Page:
Juan A. Retamero, MD
Clinical use of AI relies on generalizability and improves pathologists' diagnostic accuracy and efficiency in prostatic biopsy diagnosis
Background: Artificial intelligence (AI) applied to pathology diagnosis promises improved diagnostic accuracy and efficiency. To date, there is limited evidence of AI use in a clinical setting. 'Generalizability' refers to the ability of algorithms to perform across broad populations, coping with whole slide images (WSI) from different laboratories, without requiring refitting or calibration. We tested algorithm performance for tumor detection on prostatic core biopsies on an external dataset to test generalizability. We also tested how pathologists interacted with the AI.
Methods: An AI-based prostate cancer detection system was developed using multiple instance learning. The system was trained using>33,000 slides from circa 7,000 patients, originating from over 800 labs worldwide. The system was tested on a validation set consisting of 304 prostatic WSIs. The algorithm was used to review 1876 previously diagnosed prostatic prostatic biopsy WSIs from an external institution. A simulated clinical environment test using 600 WSIs was then conducted.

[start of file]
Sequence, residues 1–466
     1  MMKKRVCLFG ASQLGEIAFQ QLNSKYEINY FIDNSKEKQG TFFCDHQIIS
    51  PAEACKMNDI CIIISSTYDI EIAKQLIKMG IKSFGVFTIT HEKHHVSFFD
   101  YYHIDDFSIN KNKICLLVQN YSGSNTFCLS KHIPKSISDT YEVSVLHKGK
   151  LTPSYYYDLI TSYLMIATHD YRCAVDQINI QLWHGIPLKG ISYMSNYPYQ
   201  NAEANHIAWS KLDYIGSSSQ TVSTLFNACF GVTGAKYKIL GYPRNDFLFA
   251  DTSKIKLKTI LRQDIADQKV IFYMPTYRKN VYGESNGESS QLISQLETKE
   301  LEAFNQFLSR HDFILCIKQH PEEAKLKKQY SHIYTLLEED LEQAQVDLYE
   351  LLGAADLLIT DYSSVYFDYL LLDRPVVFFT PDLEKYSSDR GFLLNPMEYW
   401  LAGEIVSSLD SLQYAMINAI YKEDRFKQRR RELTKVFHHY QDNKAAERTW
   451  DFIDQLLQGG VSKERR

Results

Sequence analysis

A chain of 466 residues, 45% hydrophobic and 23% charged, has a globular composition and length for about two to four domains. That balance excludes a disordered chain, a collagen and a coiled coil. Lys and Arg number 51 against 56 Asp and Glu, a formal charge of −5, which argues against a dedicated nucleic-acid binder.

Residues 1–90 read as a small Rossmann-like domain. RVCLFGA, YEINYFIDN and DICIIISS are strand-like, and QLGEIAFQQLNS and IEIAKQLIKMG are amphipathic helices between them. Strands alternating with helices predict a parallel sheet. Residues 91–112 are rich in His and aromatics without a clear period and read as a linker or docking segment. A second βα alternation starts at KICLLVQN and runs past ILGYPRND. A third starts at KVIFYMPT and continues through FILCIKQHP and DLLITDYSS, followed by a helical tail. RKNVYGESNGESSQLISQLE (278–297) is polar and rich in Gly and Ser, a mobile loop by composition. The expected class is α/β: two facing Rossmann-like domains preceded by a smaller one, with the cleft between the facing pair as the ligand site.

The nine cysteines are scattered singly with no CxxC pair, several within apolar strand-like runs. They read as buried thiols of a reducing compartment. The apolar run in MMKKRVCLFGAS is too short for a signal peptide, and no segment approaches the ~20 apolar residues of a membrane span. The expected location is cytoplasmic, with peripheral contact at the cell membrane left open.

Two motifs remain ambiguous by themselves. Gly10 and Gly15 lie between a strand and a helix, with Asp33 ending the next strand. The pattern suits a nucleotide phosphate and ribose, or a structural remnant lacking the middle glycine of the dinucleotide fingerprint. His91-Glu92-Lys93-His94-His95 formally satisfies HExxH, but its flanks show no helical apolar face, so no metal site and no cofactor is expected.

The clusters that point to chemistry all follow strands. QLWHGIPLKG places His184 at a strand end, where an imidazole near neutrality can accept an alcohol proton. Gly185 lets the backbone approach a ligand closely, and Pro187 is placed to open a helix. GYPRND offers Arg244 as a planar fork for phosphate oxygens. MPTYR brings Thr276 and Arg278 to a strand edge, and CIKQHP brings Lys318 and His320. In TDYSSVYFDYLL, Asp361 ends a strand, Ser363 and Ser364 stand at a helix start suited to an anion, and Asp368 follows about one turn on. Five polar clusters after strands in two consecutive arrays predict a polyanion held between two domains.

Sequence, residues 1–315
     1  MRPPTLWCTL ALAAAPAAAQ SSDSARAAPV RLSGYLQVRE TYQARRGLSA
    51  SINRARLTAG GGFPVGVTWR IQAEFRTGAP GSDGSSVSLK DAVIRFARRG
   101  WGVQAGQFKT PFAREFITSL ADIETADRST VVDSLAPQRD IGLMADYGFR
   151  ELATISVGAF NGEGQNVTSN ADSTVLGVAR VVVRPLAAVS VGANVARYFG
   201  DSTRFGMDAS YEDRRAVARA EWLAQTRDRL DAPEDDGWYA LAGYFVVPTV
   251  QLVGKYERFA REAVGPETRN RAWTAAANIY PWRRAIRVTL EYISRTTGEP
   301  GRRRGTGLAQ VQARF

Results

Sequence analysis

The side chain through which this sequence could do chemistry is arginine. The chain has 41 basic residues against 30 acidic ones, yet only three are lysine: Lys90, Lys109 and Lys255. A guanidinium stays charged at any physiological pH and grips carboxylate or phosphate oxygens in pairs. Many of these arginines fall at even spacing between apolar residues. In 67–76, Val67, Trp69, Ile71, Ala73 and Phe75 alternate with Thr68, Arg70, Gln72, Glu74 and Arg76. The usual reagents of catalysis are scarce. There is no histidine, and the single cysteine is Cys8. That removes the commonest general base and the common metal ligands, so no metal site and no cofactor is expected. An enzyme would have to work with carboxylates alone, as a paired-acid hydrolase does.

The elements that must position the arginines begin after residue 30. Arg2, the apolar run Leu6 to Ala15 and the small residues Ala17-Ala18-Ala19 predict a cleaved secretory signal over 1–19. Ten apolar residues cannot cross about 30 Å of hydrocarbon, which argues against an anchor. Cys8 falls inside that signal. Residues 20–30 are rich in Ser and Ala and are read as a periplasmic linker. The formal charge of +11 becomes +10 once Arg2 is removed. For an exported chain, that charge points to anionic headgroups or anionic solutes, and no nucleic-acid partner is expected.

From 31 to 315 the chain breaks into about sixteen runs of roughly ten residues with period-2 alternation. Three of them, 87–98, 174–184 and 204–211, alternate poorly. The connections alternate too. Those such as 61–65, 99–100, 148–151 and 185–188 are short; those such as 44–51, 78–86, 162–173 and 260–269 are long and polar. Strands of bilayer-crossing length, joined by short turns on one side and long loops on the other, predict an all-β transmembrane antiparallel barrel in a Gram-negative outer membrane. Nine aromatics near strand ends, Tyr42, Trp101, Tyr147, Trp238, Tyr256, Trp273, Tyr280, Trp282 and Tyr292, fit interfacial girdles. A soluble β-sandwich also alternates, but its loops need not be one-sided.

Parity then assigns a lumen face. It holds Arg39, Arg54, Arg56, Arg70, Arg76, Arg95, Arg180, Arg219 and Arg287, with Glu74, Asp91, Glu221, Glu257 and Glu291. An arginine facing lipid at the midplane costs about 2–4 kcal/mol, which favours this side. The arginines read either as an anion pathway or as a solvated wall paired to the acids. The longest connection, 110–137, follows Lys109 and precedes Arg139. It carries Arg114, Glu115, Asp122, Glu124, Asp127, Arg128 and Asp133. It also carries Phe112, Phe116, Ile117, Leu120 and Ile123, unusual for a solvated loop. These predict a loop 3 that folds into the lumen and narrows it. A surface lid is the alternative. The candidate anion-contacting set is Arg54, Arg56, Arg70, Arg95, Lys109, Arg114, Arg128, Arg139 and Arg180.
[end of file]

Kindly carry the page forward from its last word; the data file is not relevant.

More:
Results: Without calibration or retraining, the AI system performed with very high sensitivity and high specificity across an external dataset when used as a quality control tool. When used as a diagnostic adyuvant, the AI system helped pathologists increase their diagnostic accuracy. There were time savings associated to AI-assisted reading.
Conclusion: Pathology AI algorithms trained with multiple instances learning provide robust outputs that are generalizable across different populations without requiring further training or recalibration. These algorithms offer high diagnostic accuracy as a stand alone tool and help pathologists improve their sensitivity and specificity as well as providing efficiency gains.
- Understand the importance of generalizable outputs in the deployment of AI for clinical practice.
- Understand how stand-alone AI used as a quality control tool is a first step in assessing how the algorithm may behave in clinical practice.
- Understand how the interaction between AI and pathologists helps improve diagnostic accuracy and efficiency.
Dr. Juan Antonio Retamero is a pathologist with extensive experience in the implementation and use of digital pathology and artificial intelligence in clinical use. He played a key role in the adoption of digital pathology for routine diagnosis in a pioneering group of hospitals in Spain in 2016. Since then, he has shared his experiences worldwide and has supported many centers in the adoption of digital pathology, including labs in the United States and many countries in Europe and Asia. He is a regular speaker at different digital and computational pathology events globally and is an ardent advocate for the modernization of the profession.